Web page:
This work was supported by the GigaKOREA project (GK13D100, Development of Telecommunications Terminal with Digital Holographic Table-Top Display).

References and links

1. J. Hong, Y. Kim, H.-J. Choi, J. Hahn, J.-H. Park, H. Kim, S.-W. Min, N. Chen, and B. Lee, “Three-dimensional display technologies of recent interest: principles, status, and issues [Invited],” Appl. Opt. 50(34), H87–H115 (2011). [CrossRef]   [PubMed]  

2. R. Haussler, A. Schwerdtner, and N. Leister, “Large holographic displays as an alternative to stereoscopic displays,” Proc. SPIE 6803, 68030M (2008). [CrossRef]  

3. R. Stahl, V. Rochus, X. Rottenberg, S. Cosemans, L. Haspeslagh, S. Severi, G. V. Plas, G. Lafruit, and S. Donnay, “Modular sub-wavelength diffractive light modulator for high-definition holographic displays,” J. Phys. Conf. Ser. 415, 012057 (2013). [CrossRef]  

4. K. Aoshima, N. Funabashi, K. Machida, Y. Miyamoto, K. Kuga, T. Ishibashi, N. Shimidzu, and F. Sato, “Submicron magneto-optical spatial light modulation device for holographic displays driven by spin-polarized electrons,” J. Disp. Tech. 6(9), 374–380 (2010). [CrossRef]  

5. J. Sun, E. Timurdogan, A. Yaacobi, E. S. Hosseini, and M. R. Watts, “Large-scale nanophotonic phased array,” Nature 493(7431), 195–199 (2013). [CrossRef]   [PubMed]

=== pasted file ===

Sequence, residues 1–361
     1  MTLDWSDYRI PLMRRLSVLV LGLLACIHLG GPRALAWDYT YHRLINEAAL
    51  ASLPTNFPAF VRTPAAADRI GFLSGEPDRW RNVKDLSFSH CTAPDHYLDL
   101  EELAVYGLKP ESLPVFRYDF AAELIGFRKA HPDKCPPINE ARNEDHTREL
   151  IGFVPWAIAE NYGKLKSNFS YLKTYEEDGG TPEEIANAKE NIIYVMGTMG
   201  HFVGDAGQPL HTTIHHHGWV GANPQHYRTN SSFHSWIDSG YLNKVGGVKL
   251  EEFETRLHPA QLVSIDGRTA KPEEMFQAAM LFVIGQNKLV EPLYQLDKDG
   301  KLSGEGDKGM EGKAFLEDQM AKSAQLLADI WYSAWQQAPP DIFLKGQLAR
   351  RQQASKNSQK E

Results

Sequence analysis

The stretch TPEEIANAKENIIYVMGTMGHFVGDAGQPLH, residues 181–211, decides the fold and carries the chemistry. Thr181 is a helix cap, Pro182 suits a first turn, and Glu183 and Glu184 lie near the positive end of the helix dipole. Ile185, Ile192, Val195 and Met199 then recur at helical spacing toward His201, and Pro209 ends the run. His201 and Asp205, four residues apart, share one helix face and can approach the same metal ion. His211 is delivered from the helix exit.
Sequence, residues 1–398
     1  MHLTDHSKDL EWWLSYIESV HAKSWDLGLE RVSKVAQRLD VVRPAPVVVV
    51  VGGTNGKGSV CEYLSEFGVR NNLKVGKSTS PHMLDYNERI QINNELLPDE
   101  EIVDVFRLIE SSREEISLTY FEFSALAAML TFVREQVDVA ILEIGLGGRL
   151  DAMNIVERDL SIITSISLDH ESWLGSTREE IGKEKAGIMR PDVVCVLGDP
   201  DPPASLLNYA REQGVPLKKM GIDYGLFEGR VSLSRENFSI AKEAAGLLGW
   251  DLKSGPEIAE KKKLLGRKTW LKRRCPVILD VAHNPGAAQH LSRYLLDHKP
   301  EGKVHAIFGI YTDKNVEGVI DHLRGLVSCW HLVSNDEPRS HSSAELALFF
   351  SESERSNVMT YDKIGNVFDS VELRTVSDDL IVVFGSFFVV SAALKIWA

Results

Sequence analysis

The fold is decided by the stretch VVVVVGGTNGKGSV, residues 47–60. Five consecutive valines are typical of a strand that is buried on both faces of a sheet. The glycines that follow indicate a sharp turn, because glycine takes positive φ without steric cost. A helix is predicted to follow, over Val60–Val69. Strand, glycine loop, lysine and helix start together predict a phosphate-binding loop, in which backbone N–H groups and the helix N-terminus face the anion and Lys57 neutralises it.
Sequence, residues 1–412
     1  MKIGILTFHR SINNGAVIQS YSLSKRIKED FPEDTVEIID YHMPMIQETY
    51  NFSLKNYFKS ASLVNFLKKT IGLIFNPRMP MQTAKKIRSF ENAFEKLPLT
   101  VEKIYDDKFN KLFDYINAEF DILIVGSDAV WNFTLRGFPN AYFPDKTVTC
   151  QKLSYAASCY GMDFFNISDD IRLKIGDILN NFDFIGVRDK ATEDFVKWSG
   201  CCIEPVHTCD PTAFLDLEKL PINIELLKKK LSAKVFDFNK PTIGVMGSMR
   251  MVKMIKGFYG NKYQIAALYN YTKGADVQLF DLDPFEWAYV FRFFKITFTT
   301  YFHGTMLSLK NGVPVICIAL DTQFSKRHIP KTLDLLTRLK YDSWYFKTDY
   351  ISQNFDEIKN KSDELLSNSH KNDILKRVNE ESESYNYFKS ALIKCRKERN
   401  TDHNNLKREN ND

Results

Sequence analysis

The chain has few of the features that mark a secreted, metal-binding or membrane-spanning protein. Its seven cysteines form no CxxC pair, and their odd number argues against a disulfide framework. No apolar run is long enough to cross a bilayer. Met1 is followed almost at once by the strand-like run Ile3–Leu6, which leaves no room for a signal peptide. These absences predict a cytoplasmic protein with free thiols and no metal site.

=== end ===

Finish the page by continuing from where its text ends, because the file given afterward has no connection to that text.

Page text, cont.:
6. S. Reichelt, R. Häussler, G. Fütterer, N. Leister, H. Kato, N. Usukura, and Y. Kanbayashi, “Full-range, complex spatial light modulator for real-time holography,” Opt. Lett. 37(11), 1955–1957 (2012). [CrossRef]   [PubMed]  

7. H. Kim, C.-Y. Hwang, K.-S. Kim, J. Roh, W. Moon, S. Kim, B.-R. Lee, S. Oh, and J. Hahn, “Anamorphic optical transformation of an amplitude spatial light modulator to a complex spatial light modulator with square pixels [invited],” Appl. Opt. 53(27), G139–G146 (2014). [CrossRef]   [PubMed]  

8. N. Takada, T. Shimobaba, H. Nakayama, A. Shiraki, N. Okada, M. Oikawa, N. Masuda, and T. Ito, “Fast high-resolution computer-generated hologram computation using multiple graphics processing unit cluster system,” Appl. Opt. 51(30), 7303–7307 (2012). [CrossRef]   [PubMed]